Thursday, July 2, 2020

The Formation of Pantheon

I've been dreaming of a post-apocalyptic bronze age setting for awhile now, something like Dominions 3: The Awakening meets The Land of One Thousand Towers (from ASE). Replace the wizards with gods and tone down the gonzo a little (only a little) and you pretty much got it. I'd probably wind up adding guns and ruining everything as I usually do, but it did get  me thinking about old-school pantheons and how they were formed, and thus it's time for a lil history lesson.

Waaaaay back in the day when the good old cradle of civilization was still cradling civilization, each early city had its own patron god, who usually was believed to live directly in the temple.

That large Ziggurat is where God lived

The temple was the biggest thing in your city, it was what everyone prayed to, and it was the first thing visitors saw when coming into your city.

 Now of course, what was the best way to understand which city was the most powerful? 
By who had the most powerful god, of course.
And how did you tell which god was the most powerful? 
By how big, pretty, and impressive looking that god's temple was.

Citizens Bank Park: A Decade in the Stadium We Didn't Want
By the way, I gotta teach this the way it was taught to me, with sports
Now in obviously it was the other way around, the most successful city economically or otherwise was the one with the capability to provide their god with a nice place, so it was all just classic dick waggling. Nevertheless, this is one of the ways religion went from just being important for rituals, lessons, culture, etc. to being important politically and strategically.  It's how you impressed traveling merchants, and maybe even kept people from fucking your shit up. 

Cities of Mesopotamia // history of architecture – architect to be
However, the lone city wasn't a thing forever. Eventually empires formed, some cities and rulers got so big they could conquer and control other cities.
But when you take over a city, what do you do with the god that lives there?

 It's not easy to get everyone to just switch over to your god, and you can't really kill a god so that temple probably isn't going anywhere anytime soon. The solution is: you connect the gods. Maybe Babylon's Marduk is (all-of-a-sudden) the sibling of  Uttu from Nippur. Then later Marduk gets a brother, or was the father to another god, or is the son of an older god from some other city. As more cities are conquered, as the cultures are mixed together, the Pantheon forms. The stories intertwine, gods get absorbed into other gods and a bunch of other even more messier shit.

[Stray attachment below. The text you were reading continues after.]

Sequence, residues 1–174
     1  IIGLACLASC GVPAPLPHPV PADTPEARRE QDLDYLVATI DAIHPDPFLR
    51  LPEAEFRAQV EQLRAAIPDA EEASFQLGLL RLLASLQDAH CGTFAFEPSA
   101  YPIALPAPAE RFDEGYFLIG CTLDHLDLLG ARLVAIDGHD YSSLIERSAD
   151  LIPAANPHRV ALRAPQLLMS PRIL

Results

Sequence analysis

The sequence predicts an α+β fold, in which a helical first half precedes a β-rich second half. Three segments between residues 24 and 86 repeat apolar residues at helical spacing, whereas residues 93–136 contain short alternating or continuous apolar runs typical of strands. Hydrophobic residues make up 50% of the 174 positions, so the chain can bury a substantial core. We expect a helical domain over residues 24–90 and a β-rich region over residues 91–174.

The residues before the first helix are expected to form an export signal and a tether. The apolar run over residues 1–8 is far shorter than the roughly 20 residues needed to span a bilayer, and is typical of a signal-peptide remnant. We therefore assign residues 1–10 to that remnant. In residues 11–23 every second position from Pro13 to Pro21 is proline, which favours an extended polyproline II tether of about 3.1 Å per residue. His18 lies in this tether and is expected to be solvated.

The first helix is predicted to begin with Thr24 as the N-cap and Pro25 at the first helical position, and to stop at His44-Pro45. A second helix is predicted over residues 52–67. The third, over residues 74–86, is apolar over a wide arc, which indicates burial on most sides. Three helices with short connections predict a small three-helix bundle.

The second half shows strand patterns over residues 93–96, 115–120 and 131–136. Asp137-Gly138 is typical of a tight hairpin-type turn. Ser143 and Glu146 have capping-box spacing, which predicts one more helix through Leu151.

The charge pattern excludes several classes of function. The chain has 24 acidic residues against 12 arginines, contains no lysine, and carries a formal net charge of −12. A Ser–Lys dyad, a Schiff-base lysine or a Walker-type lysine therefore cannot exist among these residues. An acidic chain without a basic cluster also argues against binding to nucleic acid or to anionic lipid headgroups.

These tarot cards are pretty alright
That's the gist of it, I like the idea of taking this literally, and having a setting where a conquering tribe or general could collaborate with his patron god to conquer other temples, subjugate their gods and gain their boons and powers to further your conquest. All the gods would be super esoteric: obelisks, ever-burning willow trees, angry statues with glowing eyes, a big weltmaschine thing where every visitor has to donate a trinket to its ever-growing mass. They can't manifest in the world, but can present omens and grant powers, and direct rituals that can cause plagues and curses and shit. I imagine lots of old-testament pillars of fire and city walls collapsing type shit. Maybe if you get their temple big enough they can create apocalyptic world changing events, like the sky always rains blood that burns non-believers or something. 

A final note: 
Hokey sports analogy aside, this kind of "pantheon making" (scyricism is the better word) happens throughout all of history. As religions got more complex (and monotheistic, particularly in the west), so did the processes in which they were blended. Shinto blending with Buddhism, Christians having holidays line up with pagan solstices and rewriting parts of Beowulf  are ones that come to mind. Some random more modern examples would be Hoodoo, Catholicism in Mexico and Guatemala, and Cheondoism.

I hope my meager training at history can help you think about your table-top stuff differently, if you dig this kind of thing check out the first one I did, about time and the apocalypse 

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